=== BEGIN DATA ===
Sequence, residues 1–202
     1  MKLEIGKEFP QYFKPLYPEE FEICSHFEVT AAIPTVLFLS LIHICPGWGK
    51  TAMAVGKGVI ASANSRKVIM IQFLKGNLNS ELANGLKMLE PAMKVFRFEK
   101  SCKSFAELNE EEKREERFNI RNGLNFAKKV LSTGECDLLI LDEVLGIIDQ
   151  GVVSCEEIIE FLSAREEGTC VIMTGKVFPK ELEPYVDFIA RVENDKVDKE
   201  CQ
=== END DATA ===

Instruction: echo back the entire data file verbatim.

Sequence, residues 1–202
     1  MKLEIGKEFP QYFKPLYPEE FEICSHFEVT AAIPTVLFLS LIHICPGWGK
    51  TAMAVGKGVI ASANSRKVIM IQFLKGNLNS ELANGLKMLE PAMKVFRFEK
   101  SCKSFAELNE EEKREERFNI RNGLNFAKKV LSTGECDLLI LDEVLGIIDQ
   151  GVVSCEEIIE FLSAREEGTC VIMTGKVFPK ELEPYVDFIA RVENDKVDKE
   201  CQ